NEWCASTLE UPON TYNE, ENGLAND - MAY 06: Newcastle manager Alan Pardew waves to the fans after the Barclays Premier league match between Newcastle United and Manchester City at Sports Direct Arena on May 6, 2012 in Newcastle upon Tyne, England. (Photo by Stu Forster/Getty Images)
On May 2, 2012, Newcastle United sat 5th in the table, and though they were already guaranteed European football, an important mid-week clash with 6th place Chelsea loomed on the horizon. Newcastle had just been embarrassed by an in-form Wigan Athletic club a couple of days prior by a score of 4-0 in a game in which they were outplayed, outmanaged, and even outhustled. Partisans and non-partisans alike were questioning the team's mettle. Here at CHN, Other Side of the Pillow noted in his match preview that the next (and last) three fixtures would be very difficult indeed. Chelsea sat 4th in the form table at the time, while Manchester City and Everton were 3rd and 2nd respectively. Newcastle were actually 1st, thanks to a 6-game winning streak that ended with the Latics debacle, but still the questions remained. Did this team actually have it in them to finish the job? Kevin McCauley put it this way in his preview article for SB Nation:
Is Newcastle a paper tiger, or were they just focusing on the Chelsea match too early?
It was certainly a fair question, one that I believe Newcastle answered definitively in a 2-0 victory that will forever be remembered as the game that produced Cisse's Miracle Goal. That stoppage time
goal gift from heaven iced the game and solidified for supporters that Newcastle would not be content dribbling out the season in the corner by the flag and accepting what might be perceived as a back door into the Europa League. No, this team desired more, fought for more, earned more...and yet there are still doubters.
I don't blame anybody for not believing that this team's league standing is real. Plenty of teams rise to the top of the league, only to fall back down the ranks the very next year. Many people doubt that a team with such a weak goal differential can repeat that kind of success, whether that's season-to-season or week-to-week. A quick look at that and the game log will tell the story.
The Magpies squeaked out a lot of close victories and got blown out a few times as well. Newcastle simply aren't a team built to play from behind, but that's the rub - Newcastle weren't often behind. Their defensive mindset won the day for them on numerous occasions. This team was one of only 3 to give up 4 or more goals 4 times, and they will still in the top half in terms of goals allowed. Only the two Manchester teams recorded more clean sheets. They did this without Steven Taylor for well over half the year, and the rest of the time Fabricio Coloccini spent entire games covering his responsibilities as well as Ryan Taylor's next to him. It's an outstanding accomplishment that Newcastle have been able to prevent goals at the rate that they have (with a few notable exceptions).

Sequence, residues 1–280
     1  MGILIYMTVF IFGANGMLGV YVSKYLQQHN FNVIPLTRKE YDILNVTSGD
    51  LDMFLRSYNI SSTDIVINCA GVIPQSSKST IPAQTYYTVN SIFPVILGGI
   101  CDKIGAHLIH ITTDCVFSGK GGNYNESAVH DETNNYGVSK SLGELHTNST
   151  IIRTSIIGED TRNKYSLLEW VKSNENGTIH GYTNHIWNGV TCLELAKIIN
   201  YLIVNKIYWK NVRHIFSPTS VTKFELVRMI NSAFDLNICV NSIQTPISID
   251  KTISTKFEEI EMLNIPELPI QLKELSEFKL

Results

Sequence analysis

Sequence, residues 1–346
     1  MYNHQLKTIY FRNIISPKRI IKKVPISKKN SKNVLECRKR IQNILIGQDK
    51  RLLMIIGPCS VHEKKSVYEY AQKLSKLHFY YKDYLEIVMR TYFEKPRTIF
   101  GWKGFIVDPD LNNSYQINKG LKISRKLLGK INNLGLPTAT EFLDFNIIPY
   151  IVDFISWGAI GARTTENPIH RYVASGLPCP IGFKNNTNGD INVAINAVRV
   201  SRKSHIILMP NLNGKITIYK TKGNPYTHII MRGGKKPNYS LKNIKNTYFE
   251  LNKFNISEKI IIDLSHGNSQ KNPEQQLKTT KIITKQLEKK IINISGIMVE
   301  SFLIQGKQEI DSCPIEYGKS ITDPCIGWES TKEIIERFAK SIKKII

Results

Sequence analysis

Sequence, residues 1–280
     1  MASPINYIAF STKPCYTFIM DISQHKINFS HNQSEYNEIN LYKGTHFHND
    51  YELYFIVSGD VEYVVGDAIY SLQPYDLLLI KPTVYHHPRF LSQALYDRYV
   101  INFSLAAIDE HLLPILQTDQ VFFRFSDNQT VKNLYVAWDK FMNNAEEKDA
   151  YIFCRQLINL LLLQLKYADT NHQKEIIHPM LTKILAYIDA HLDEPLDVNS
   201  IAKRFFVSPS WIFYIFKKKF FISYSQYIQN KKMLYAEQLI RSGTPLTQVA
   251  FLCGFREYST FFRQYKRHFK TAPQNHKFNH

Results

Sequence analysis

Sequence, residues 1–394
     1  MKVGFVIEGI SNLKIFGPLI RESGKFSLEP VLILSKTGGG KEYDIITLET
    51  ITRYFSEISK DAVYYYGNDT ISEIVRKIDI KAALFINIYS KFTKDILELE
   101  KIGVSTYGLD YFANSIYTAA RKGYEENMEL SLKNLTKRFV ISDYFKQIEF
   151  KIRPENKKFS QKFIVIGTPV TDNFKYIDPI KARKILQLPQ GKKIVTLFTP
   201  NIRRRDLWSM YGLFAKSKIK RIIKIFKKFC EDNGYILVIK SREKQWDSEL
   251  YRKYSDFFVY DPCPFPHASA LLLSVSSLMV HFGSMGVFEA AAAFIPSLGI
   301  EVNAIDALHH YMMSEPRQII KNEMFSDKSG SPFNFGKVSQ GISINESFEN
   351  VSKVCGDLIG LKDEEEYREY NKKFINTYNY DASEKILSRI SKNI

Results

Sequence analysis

That ability, combined with a knack for finding goals at precisely the right time, enabled Newcastle to put together their season that none of us believed could happen. Did you realize that they never slipped below 7th all season long? It's a fact that might be easy to forget, especially if Sky Sports is your main source of Premier League news. It wasn't too long ago that Sky would regularly replace their Top 6 graphic with one that only displayed the Top 5 during weeks that the Magpies sat in 6th place. A relatively soft early schedule certainly helped - remember when everybody said that Newcastle hadn't played anybody yet* as they kept waiting for the other shoe to drop? It hasn't dropped yet, and as of tomorrow, they will have played every other team twice, just like everybody else.
*I'll never cease to be amused that fans of a certain neighboring team incessantly spouted this line early on in the season, apparently forgetting that one of the "nobodys" Newcastle had had the good fortune of playing was in fact their own club.
Fifth place is the lowest the Toon can finish now, so the Sky party has officially been crashed at least one more time. It's a fun place to be, and I hope the players and everybody connected with the organization takes the time to celebrate once the final whistle blows on Sunday. It's the kind of feeling one could get used to. I'm the kind of fan that never wants to turn into one of those people that believes my team is entitled to a high finish, but then again, it also sounds like an awesome set of problems to have.
At the end of the day tomorrow, it will all be settled. The Premier League will have a champion, one more team will be on the way down, and Newcastle will know which European league they'll be competing in (unless they finish fourth, of course, in which case we'll sit back and root against Chelsea one more time). Whatever the outcome, whether it's 3rd, 4th, or 5th, remember that nobody, not even this #optimist, expected Newcastle to be here. What makes it so delicious is that they deserve this. That is why, on the eve of their triumph, I would like to salute Newcastle with a traditional song.
We're the Geordies, Super Geordies
Pardew is our King